# A numerical simulation of neural fields on curved geometries

## Abstract

Despite the highly convoluted nature of the human brain, neural field models typically treat the cortex as a planar two-dimensional sheet of ne;urons. Here, we present an approach for solving neural field equations on surfaces more akin to the cortical geometries typically obtained from neuroimaging data. Our approach involves solving the integral form of the partial integro-differential equation directly using collocation techniques alongside efficient numerical procedures for determining geodesic distances between neural units. To illustrate our methods, we study localised activity patterns in a two-dimensional neural field equation posed on a periodic square domain, the curved surface of a torus, and the cortical surface of a rat brain, the latter of which is constructed using neuroimaging data. Our results are twofold: Firstly, we find that collocation techniques are able to replicate solutions obtained using more standard Fourier based methods on a flat, periodic domain, independent of the underlying mesh. This result is particularly significant given the highly irregular nature of the type of meshes derived from modern neuroimaging data. And secondly, by deploying efficient numerical schemes to compute geodesics, our approach is not only capable of modelling macroscopic pattern formation on realistic cortical geometries, but can also be extended to include cortical architectures of more physiological relevance. Importantly, such an approach provides a means by which to investigate the influence of cortical geometry upon the nucleation and propagation of spatially localised neural activity and beyond. It thus promises to provide model-based insights into disorders like epilepsy, or spreading depression, as well as healthy cognitive processes like working memory or attention.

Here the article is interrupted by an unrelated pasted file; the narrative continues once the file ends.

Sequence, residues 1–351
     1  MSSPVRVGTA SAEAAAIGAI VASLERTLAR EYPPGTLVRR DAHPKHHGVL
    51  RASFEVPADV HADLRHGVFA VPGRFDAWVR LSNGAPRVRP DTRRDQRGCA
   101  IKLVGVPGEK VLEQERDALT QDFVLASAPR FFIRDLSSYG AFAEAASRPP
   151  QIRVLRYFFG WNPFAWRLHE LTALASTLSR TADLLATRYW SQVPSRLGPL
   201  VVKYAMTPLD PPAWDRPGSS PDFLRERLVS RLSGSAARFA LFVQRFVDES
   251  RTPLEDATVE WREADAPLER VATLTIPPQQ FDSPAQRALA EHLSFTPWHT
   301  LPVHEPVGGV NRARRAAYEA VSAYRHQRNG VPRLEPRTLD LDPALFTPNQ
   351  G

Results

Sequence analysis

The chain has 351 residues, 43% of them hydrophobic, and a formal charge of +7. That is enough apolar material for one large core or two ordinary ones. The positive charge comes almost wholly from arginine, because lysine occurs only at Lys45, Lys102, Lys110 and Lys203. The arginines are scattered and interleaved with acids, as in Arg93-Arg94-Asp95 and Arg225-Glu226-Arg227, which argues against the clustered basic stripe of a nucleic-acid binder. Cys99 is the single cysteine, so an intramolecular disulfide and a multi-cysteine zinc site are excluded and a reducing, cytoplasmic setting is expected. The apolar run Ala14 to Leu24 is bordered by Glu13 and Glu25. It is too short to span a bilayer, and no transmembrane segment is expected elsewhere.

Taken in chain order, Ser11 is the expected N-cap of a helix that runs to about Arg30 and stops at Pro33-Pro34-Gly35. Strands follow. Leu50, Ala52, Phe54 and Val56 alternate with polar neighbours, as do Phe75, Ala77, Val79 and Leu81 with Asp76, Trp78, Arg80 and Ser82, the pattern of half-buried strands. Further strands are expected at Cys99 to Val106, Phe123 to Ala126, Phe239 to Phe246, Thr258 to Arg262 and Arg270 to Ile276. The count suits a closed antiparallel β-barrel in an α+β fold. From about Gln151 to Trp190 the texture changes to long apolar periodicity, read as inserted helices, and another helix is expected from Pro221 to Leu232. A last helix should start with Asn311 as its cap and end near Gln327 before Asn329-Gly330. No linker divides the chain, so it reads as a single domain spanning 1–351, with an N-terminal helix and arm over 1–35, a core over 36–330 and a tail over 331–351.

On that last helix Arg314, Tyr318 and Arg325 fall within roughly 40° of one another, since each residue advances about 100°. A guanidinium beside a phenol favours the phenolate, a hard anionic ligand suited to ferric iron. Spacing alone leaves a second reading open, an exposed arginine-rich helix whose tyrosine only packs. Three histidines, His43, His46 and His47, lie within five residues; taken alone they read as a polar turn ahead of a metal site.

## Keywords

Neural fields Collocation method Non-flat geometries Geodesics## 1 Introduction

The nervous system consists of approximately 10^{11} neurons and 10^{14} connections all embedded within a highly constrained anatomical space. To better understand such a complex multi-scale system, neural models are deployed that use a range of mathematical and computational techniques to explain/predict function and behaviour of the brain at a range of different scales (Amari 1977; Jirsa and Haken 1996). One such approach, the foundations of which were laid in the 1970s by Wilson and Cowan (1972), and Amari (1977), is neural field theory, which employs a continuum approach to model the activity of large populations of neurons in the cortex. These techniques are of great interest, not only from a mathematical point-of-view, but also from an experimental neuroscience point-of-view, since they can replicate many of the dynamic patterns of brain activity that are observed using modern neuroimaging methodologies (Bojak et al. 2011; Coombes 2010; Sanz-Leon et al. 2015).

*u*(

**x**,